SOPHIA BOROWSKA - LOT
Lot responds to urban landscape and renewal as they affect the body’s sensorial memory and perception of a place. A contested site in Montréal is investigated through materiality, process, attachment, and mischief.
The Omnipac Building was an abandoned cardboard box factory at the intersection of Avenues du Parc and Van Horne in Montréal with an intense brutalist presence. It was demolished in 2014, and the lot has remained vacant while rumours circulate about redevelopment plans.
Gravel, puddles, broken glass, trash, and mounds of snow and dirt now make up the textures and visual field of the Omnipac site. Lot re-investigates such materials through a sensual relationship with process. Using matter scavenged onsite and worked into custom concrete and terrazzo, this work aims to develop an empathetic relationship between material, place, and the living body, while questioning to what degree memory and affect are held by materials themselves. These sculptures, which could at once represent bodies, geological formations, or architectural ruins, play with contrasting associations of soft and hard, monumental and intimate, public and private, permanent and ephemeral, obsessive and apathetic.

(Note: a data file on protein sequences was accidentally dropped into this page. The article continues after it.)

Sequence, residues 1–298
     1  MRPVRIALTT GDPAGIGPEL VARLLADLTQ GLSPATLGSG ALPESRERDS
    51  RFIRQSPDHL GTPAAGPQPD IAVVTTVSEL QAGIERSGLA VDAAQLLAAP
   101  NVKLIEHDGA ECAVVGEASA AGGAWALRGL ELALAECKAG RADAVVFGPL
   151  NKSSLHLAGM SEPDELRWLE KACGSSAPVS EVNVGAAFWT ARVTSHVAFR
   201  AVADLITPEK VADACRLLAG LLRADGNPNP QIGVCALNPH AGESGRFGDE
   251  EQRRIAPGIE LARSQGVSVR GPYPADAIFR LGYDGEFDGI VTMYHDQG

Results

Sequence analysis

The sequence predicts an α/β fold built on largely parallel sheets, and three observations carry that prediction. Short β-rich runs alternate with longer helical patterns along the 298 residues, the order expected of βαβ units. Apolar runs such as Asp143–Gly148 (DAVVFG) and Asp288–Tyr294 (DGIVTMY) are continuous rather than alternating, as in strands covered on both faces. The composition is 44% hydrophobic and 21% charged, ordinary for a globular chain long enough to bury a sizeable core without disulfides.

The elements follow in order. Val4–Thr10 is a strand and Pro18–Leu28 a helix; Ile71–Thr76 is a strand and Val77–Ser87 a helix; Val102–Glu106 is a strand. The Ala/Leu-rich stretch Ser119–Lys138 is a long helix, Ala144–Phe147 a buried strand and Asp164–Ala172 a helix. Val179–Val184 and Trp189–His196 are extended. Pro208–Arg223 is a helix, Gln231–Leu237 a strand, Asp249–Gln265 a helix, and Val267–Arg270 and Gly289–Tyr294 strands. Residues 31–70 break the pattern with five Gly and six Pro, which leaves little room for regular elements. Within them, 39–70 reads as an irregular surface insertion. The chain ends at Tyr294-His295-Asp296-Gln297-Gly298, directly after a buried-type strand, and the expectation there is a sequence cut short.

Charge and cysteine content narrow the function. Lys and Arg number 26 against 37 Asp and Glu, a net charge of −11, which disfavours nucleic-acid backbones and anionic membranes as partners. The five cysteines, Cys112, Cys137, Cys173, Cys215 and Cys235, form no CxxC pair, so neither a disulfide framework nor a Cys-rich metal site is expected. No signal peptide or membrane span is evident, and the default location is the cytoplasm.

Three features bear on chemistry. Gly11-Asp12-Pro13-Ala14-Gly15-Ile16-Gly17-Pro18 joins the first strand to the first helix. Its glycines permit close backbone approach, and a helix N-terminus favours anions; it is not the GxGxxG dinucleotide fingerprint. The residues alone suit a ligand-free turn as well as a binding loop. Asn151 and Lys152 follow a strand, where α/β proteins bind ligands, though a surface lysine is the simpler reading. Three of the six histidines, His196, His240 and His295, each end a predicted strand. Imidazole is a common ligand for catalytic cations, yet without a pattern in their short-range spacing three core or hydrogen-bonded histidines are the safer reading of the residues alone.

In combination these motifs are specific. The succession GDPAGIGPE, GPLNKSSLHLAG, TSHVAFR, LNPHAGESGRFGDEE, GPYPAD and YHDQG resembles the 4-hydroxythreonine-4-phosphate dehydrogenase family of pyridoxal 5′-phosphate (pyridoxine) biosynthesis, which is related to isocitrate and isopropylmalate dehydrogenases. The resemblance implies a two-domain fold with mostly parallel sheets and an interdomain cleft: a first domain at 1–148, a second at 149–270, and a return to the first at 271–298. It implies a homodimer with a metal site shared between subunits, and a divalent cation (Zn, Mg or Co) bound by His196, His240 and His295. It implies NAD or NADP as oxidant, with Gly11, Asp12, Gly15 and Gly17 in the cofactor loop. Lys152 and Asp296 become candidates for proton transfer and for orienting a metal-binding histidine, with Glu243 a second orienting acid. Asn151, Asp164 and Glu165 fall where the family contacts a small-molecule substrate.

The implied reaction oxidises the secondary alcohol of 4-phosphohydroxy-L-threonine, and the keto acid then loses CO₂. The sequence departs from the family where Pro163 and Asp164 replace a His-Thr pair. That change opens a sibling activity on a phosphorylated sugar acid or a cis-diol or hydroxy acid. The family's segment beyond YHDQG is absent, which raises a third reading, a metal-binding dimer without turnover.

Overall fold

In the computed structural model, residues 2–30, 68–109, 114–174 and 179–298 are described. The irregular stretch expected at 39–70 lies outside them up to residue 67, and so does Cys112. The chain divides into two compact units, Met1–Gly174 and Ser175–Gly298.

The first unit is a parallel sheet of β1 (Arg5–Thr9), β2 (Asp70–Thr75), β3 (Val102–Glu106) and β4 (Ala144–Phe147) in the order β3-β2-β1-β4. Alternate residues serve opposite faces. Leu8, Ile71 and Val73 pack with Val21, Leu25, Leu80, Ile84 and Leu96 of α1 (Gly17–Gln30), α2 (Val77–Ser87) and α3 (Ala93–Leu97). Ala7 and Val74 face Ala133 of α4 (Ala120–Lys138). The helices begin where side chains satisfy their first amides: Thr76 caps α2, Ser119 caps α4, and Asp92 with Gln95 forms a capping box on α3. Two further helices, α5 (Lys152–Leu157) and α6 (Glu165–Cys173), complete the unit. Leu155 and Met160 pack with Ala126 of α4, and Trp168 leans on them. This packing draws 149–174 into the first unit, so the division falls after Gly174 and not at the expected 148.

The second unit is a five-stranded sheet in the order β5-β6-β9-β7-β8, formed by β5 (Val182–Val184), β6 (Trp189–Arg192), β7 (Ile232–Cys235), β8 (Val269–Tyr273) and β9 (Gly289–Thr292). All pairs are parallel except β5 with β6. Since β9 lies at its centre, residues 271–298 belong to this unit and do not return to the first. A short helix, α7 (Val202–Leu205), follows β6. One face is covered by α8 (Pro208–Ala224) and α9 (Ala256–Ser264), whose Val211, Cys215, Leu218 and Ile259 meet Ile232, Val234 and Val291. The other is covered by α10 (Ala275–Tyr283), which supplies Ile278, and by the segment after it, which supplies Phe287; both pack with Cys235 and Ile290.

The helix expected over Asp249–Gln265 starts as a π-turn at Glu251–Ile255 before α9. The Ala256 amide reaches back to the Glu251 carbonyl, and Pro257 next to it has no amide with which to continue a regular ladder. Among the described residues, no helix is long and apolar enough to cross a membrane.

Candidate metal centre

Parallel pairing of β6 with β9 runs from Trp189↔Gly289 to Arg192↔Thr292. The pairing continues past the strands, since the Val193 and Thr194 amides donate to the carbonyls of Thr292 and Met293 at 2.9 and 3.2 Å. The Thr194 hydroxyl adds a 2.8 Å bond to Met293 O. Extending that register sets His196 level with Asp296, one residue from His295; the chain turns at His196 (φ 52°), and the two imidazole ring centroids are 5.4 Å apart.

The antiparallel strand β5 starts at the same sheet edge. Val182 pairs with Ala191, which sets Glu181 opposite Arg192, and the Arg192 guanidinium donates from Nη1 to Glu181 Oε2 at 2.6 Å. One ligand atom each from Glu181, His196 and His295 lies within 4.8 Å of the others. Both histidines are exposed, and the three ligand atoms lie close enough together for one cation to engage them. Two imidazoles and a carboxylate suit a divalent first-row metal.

Sophia Borowska is a Montréal-based artist and researcher working in fibres, sculpture, and installation. Her work studies and subverts systems of power and control in urban environments through an expanded textile practice, applying fibres processes and theories to architectural materials. Major motivations include site specificity, the power of place, and the body's relationship to architecture and urban spaces. Borowska has exhibited work in Canadian artist-run centres, galleries, and festivals, and has presented research and been published in Canada and the United States. She holds a BFA, with great distinction, from Concordia University in Montréal, and a diploma in Textiles from Capilano University in North Vancouver, Canada. She is an affiliate researcher in the Textiles and Materiality Research Cluster under Milieux Institute for Arts, Culture, and Technology at Concordia, and a founding member of the intergenerational weaving group Collectif Toile.